FIG. 13 shows PCI packet 116 included in navigation pack 86 located at the beginning of each VOBU 85. As shown in FIG. 13, PCI packet 116 includes presentation control information PCI (PCI data) 113 as navigation data used for changing the display or playback contents (presentation contents) in synchronism with the playback state of video data in video object unit (VOBU) 85.

The contents of presentation control information (PCI data) 113 will be described. PCI data 113 includes 60 byte PCI general information (PCI_GI), 36 byte non-seamless playback angle information (NSML_AGLI), 694 byte highlight information (HLI), and 189 byte recording information (RECI). This recording information (RECI) can contain a copyright management code (ISRC) of the international standard.

Highlight information HLI is used upon execution of the following highlight processing. More specifically, the MPU (or CPU) of the DVD video recorder be described later) reads highlight information HLI, and detects the X-/Y-coordinate values, colors, contrast values, and the like of rectangular regions (highlight buttons) displayed by sub-picture data. The MPU of the DVD video recorder highlights the displayed menu selection item and the like in accordance with these detected data. This highlight processing is used as a means for allowing the user to easily recognize a specific displayed item on the visual user interface. More specifically, when a D video title recorded on optical disc 10 is a multilingual compatible program, a specific spoken language (e.g., English) and a specific superimposed dialogue language (e.g., Japanese) are selected by highlight buttons which are displayed to be visually outstanding by the highlight processing.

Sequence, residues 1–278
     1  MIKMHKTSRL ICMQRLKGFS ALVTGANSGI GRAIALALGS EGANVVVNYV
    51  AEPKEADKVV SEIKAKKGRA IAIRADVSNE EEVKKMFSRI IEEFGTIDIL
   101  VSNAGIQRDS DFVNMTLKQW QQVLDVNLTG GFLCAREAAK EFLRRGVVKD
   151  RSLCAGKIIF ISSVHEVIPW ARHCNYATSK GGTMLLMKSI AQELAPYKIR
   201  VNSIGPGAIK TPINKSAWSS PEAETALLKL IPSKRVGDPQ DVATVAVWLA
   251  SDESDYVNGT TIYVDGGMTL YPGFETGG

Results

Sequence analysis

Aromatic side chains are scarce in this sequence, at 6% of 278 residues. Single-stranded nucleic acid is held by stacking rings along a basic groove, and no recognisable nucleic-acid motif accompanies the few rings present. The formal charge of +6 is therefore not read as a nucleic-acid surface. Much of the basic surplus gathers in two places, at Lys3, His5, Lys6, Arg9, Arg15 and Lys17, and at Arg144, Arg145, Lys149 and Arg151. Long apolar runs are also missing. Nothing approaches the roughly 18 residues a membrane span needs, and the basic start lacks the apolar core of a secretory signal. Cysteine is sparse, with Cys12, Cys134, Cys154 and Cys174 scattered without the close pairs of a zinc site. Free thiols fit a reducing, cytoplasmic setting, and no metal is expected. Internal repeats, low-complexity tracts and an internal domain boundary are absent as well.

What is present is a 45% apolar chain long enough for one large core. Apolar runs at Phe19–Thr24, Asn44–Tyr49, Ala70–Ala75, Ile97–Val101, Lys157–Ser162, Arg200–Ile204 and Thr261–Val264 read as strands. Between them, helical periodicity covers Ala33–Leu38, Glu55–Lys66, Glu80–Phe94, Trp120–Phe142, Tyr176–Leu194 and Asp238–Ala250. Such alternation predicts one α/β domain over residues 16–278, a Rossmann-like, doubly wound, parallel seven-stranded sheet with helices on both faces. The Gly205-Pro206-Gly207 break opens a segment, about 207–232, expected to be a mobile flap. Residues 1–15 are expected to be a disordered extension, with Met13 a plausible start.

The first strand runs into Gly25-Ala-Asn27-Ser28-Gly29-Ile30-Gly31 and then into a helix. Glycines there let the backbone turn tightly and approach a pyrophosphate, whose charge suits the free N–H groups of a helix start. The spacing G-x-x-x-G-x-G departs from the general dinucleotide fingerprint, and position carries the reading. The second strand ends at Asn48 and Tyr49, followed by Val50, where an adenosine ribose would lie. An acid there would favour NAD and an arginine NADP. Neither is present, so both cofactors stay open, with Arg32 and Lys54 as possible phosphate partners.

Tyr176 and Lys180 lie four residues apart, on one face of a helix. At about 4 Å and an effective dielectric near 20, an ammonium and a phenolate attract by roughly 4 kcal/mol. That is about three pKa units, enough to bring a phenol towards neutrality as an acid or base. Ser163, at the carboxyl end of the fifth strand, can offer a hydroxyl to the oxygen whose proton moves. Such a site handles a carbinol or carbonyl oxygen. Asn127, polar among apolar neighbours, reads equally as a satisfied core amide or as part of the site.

The contents of general information PCI_GI of this PCI will be described.

Presentation control information general information PCI_GI describes the logical block number (NV_PCK_LBN) of a navigation pack, the category (VOBU_CAT) of a video object unit (VOBU), user operation control (VOBU_UOP_CTL) of the video object unit (VOBU), the start presentation time (VOBU_S_PTM) of the video object unit (VOBU), the end presentation time (VOBU_E_PTM) of the video object unit (VOBU), the end presentation time (VOBU_SE_PTM) of the sequence in the video object unit (VOBU), and a cell elapse time (C_ELTM).